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- Publié sur Amazon.com
Format: Cassette vidéo
For Jacques Tati, the car is the perfect emblem of the dehumanising effects of modern industrial life. Supposedly a symbol of freedom - of movement, of consumer choice - it actually signifies confinement and uniformity. Our dependence on it dehumanises us; therefore, its capacity for unreliability, for breakdown, seems catastrophic, life-threatening. The proliferaton of cars in our society simply leads to a perpetual traffic jam, an inability to move - a terrifying, apocalyptic early shot reveals an endless parking lot, a virtual city of immobile machines; it also cuts us off from other people.
The problem with attempts to regiment life, to make it uniform and efficient, is that the raw material is intractable human nature, liable to put a spanner in the works through ineptitude, vanity, laziness, incomprehension, desire, officiousness, accident. Tati's simple story follows the Altra car company's attempt to transport a showpiece camping van (full of hilarious parody-Bond gadgetry, including built-in shower and barbecue) to an International Exhibition in Amsterdam. Prodded by an exasperated American public relations officer, M. Hulot and indolent driver Marcel are confounded all the way, by flat tyres, lack of gas, problems with customs, car crashes. As in Tati's very first feature, 'Jour de Fete', a progress leaving humanity behind is signalled by American aerodynamics, in this case the Apollo 11 moon-landings glimpsed on TV.
Tati conveys the industrial homogeneity that scares and angers him in many ways: by emphasising vast, cavernous industrial buildings, numbing in their inhumanity, dwarfing the people occupying them, especially in Tati's rigorous, no close-up shooting; by an austere, monotonous grey colour scheme (buildings, cars, roads, clothes etc.) - even the odd splashes of colour, red, yellow or navy, belong to organisations' uniforms and logos; by the choreography of human activity, whether it is the montage of basic instincts, such as nose-picking or yawning, or ballets of mindless movement, such as the shapes thrown by survivors of an auto-accident; or more didactic montages emphasising the sameness of machines, their reflections multiplying other machines, obliterating the humans operating them. Tati posits against this uniformity: comedy, failure, dream-like sequences - a recurringly eerie effect is the proximity to noisy, country-destroying motorways of quiet rural lanes and towns, where the industrial exists in a more delapidated and decaying, but more eccentric and human form.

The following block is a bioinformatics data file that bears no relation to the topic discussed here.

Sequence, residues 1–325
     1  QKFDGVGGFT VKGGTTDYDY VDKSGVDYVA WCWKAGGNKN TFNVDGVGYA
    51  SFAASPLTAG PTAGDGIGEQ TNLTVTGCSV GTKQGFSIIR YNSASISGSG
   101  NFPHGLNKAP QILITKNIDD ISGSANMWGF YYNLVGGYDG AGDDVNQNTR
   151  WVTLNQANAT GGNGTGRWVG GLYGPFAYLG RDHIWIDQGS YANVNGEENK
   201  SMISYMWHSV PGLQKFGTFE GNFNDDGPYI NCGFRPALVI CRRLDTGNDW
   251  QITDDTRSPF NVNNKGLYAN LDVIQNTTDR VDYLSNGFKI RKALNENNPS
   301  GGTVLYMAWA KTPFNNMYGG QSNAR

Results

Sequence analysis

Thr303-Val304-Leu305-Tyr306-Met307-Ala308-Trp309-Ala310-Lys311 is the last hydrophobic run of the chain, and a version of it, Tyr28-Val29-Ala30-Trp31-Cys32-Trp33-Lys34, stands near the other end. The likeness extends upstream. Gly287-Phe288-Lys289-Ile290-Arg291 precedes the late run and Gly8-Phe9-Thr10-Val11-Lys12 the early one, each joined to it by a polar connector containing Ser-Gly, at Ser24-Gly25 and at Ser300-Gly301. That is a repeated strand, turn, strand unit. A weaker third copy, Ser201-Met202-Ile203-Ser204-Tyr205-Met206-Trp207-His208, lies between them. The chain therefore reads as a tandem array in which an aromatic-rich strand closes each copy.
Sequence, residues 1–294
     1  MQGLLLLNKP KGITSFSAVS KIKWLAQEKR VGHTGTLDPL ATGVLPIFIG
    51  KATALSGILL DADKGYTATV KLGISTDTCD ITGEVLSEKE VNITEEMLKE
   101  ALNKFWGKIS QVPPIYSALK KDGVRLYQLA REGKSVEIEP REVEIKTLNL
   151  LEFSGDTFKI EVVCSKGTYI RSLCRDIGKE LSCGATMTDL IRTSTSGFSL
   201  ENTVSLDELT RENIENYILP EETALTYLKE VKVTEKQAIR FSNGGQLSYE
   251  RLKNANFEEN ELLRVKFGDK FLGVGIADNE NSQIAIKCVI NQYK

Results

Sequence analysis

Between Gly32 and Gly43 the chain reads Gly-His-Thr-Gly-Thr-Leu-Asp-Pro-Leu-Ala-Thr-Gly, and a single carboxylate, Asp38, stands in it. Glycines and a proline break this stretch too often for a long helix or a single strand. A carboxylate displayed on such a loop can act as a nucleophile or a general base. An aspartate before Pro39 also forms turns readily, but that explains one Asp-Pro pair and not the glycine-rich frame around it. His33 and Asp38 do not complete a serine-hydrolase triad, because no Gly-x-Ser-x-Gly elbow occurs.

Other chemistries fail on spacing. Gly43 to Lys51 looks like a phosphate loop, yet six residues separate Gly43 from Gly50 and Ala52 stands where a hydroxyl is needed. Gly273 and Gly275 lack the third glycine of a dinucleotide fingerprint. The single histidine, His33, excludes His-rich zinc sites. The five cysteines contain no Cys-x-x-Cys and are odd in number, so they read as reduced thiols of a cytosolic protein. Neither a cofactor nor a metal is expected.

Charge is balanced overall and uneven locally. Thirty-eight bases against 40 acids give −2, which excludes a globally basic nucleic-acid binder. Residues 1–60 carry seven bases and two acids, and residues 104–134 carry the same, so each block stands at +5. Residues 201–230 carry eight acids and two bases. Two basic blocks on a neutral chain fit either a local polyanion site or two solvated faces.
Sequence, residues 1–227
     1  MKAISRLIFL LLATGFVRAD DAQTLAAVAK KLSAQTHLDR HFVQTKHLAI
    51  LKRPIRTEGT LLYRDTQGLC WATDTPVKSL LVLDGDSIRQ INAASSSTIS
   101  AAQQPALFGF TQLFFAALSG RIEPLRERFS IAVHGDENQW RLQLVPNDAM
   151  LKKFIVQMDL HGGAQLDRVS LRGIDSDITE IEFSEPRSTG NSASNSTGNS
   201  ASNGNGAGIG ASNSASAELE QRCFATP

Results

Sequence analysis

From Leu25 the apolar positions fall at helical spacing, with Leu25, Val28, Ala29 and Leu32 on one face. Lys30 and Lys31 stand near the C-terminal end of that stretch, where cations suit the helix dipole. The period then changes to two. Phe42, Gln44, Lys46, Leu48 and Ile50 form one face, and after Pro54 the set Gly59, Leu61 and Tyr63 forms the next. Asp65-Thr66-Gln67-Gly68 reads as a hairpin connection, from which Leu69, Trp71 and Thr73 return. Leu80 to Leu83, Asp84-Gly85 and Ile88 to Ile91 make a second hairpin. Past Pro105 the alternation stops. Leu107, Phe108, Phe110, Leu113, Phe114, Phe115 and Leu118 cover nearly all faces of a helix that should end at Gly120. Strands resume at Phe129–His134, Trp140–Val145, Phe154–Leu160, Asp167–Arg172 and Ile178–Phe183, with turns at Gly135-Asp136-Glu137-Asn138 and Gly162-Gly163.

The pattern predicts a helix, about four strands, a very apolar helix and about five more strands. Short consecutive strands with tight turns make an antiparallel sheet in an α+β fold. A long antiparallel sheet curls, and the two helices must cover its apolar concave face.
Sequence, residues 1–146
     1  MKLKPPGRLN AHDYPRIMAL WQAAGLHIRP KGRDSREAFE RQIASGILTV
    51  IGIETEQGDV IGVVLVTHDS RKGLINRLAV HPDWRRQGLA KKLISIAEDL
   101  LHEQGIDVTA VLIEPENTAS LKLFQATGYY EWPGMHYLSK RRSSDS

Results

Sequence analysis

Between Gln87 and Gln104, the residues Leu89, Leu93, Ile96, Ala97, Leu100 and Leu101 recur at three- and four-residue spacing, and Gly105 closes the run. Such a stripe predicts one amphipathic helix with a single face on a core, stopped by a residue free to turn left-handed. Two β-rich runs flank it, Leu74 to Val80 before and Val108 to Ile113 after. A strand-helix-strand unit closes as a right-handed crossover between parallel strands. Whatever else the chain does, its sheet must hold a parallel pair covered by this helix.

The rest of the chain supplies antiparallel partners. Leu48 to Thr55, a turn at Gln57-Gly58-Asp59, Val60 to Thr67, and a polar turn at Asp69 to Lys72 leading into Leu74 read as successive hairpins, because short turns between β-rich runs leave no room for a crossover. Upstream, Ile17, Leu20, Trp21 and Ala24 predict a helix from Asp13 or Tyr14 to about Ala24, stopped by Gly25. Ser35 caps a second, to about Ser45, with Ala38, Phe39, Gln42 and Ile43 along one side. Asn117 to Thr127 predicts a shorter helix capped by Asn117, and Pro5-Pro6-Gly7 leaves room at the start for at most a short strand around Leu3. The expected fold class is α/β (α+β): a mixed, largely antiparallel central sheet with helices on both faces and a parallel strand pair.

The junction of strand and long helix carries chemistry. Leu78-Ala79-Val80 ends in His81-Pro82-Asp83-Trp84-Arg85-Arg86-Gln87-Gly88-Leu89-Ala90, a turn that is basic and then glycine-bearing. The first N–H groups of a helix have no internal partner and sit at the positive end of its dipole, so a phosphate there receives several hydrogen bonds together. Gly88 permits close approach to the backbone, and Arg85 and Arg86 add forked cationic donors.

'Trafic' won't go down in history as the funniest film Tati made, especially compared with its predecessor, 'Playtime', one of cinema's true masterpieces, whose comic crescendo of collapse it seeks but never attains. The more obvious gags often fall flat or resort to coarseness; the satire is frequently heavy-handed. Even the music, so integral to Tati's art, sometimes sounds like it escaped from a Robin Askwith sex comedy.
Nevertheless, 'Trafic' is pure delight from start to finish, largely because of Tati's long-shot, set-piece style, which allows for an unhurried accumulation of comic detail, a revelation of character through action rather than psychology, and some of the most extraordinary visual visual designs in film - in other words, it offers the viewer a freedom to breathe not vouchsafed the characters. There is a particularly, nastily funny sequence involving a hippy practical joke and Hulot being cruel to a fur jacket.